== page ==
Dec. 29 (Bloomberg) -- Colombia’s peso rose as data signaled the world’s largest economy is weathering Europe’s sovereign debt crisis, helping appetite for higher-yielding assets.
The peso gained 0.1 percent to 1,939.90 per U.S. dollar, from 1,941.25 yesterday. The currency fell 1.7 percent this year. With markets closed tomorrow in Colombia, today is the last trading day of 2011.
“The latest U.S. numbers are driving away fears of a recession,” said Omar Escorcia, an analyst at Asesores en Valores SA brokerage in Bogota. The U.S. is Colombia’s biggest trading partner, buying about 40 percent of the nation’s exports.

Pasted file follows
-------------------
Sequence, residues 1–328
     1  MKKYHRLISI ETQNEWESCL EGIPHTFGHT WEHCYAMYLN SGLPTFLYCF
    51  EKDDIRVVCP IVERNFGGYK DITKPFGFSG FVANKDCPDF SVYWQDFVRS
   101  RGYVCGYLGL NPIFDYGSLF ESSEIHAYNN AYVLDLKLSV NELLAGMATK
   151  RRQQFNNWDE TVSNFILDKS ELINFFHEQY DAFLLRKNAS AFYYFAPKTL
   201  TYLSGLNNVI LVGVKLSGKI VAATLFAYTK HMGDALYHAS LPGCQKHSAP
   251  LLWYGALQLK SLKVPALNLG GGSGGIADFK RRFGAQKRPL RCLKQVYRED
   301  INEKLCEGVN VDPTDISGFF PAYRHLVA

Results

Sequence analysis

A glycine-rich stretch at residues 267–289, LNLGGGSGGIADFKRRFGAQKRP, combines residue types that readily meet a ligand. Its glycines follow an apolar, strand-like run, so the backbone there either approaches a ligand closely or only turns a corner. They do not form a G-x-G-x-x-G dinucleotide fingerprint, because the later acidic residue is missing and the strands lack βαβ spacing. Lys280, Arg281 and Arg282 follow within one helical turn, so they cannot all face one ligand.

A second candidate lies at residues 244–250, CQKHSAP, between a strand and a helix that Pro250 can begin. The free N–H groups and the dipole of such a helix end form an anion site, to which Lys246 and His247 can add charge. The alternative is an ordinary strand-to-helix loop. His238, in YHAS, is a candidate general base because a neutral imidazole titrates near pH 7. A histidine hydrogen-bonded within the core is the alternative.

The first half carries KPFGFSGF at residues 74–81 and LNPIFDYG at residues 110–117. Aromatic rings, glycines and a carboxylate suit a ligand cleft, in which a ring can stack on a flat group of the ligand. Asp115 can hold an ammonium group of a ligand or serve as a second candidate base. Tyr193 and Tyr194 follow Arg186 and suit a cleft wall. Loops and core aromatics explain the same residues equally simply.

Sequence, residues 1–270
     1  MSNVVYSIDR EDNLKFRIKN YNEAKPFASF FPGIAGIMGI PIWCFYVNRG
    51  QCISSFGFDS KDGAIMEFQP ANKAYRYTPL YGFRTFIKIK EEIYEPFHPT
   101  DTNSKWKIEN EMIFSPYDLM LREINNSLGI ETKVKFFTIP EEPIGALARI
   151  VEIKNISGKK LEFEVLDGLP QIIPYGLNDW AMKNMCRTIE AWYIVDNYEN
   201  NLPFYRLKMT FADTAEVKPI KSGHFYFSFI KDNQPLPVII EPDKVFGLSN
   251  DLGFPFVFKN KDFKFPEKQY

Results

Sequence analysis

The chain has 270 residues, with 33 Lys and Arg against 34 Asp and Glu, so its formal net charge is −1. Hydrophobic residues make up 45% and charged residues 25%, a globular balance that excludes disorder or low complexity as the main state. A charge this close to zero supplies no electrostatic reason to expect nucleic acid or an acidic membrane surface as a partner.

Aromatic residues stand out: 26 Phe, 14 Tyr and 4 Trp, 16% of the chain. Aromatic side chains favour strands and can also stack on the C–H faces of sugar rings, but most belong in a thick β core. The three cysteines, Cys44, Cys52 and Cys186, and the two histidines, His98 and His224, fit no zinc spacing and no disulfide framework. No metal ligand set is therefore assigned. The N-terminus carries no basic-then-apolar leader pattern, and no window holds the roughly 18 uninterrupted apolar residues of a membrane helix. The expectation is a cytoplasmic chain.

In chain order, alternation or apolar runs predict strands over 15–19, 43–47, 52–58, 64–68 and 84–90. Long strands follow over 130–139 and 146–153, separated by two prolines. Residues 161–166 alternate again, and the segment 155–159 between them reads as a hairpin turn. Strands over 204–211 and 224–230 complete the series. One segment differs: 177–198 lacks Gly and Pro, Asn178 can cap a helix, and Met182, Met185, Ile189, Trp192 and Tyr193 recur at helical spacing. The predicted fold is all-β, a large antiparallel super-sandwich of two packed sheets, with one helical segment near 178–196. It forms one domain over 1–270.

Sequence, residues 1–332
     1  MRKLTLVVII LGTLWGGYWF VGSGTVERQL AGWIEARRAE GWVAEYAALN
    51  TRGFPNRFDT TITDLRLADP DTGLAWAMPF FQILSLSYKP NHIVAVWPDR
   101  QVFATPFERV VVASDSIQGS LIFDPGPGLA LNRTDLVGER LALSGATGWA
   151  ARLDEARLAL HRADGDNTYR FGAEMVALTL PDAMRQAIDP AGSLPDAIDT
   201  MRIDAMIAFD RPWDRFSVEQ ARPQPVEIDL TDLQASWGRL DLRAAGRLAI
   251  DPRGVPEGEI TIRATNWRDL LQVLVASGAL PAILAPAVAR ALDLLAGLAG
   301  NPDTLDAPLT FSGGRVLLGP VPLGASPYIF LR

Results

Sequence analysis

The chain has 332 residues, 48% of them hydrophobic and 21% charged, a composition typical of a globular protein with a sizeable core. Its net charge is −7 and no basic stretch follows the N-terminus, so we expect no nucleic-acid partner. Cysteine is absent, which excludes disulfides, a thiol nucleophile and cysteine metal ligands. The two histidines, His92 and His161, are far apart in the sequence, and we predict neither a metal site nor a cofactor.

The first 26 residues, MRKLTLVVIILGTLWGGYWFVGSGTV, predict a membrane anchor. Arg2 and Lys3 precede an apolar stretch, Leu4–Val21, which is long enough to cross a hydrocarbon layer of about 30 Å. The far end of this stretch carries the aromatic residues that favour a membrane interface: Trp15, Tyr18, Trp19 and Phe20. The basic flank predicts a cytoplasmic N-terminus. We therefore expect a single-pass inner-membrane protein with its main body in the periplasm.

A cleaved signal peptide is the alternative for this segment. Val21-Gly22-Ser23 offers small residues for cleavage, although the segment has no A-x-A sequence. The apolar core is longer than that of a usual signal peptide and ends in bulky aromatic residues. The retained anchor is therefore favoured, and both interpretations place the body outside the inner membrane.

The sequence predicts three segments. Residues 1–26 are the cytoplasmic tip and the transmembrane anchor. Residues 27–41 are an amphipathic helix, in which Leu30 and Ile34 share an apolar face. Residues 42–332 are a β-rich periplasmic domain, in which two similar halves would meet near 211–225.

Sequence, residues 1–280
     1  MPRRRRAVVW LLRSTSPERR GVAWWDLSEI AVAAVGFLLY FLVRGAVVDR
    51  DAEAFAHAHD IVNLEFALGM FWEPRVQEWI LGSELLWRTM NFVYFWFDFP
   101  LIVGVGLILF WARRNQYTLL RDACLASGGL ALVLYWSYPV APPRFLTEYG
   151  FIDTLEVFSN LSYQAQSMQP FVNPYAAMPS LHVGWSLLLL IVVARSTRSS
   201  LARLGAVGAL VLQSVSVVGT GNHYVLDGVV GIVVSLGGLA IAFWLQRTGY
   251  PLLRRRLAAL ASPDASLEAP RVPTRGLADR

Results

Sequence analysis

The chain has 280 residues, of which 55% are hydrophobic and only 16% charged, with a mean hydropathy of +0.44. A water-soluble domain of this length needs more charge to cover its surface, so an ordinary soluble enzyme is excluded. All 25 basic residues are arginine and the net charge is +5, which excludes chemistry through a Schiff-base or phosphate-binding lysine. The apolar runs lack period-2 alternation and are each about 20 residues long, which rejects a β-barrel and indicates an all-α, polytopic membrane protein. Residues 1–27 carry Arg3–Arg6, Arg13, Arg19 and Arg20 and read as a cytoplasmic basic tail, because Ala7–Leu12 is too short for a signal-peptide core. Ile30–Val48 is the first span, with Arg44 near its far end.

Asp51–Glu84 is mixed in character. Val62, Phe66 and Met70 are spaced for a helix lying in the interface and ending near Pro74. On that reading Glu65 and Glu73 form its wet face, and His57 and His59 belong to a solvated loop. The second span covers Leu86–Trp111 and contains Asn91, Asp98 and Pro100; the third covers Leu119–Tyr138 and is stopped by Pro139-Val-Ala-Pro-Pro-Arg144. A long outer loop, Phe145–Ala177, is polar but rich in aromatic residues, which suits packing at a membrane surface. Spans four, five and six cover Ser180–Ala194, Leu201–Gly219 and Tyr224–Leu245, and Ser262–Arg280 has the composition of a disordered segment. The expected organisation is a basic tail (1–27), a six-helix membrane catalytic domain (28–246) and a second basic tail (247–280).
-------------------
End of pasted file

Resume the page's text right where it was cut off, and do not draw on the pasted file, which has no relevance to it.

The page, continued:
U.S. stocks extended gains as an index of pending U.S. home sales rose more than economists forecast, while other reports showed stronger-than-projected growth in American business activity and a drop in jobless claims over the past month to a three-year low.
The yield on the nation’s 10 percent bonds due in July 2024 fell one basis point, or 0.01 percentage point, to 7.64 percent, according to the stock exchange.
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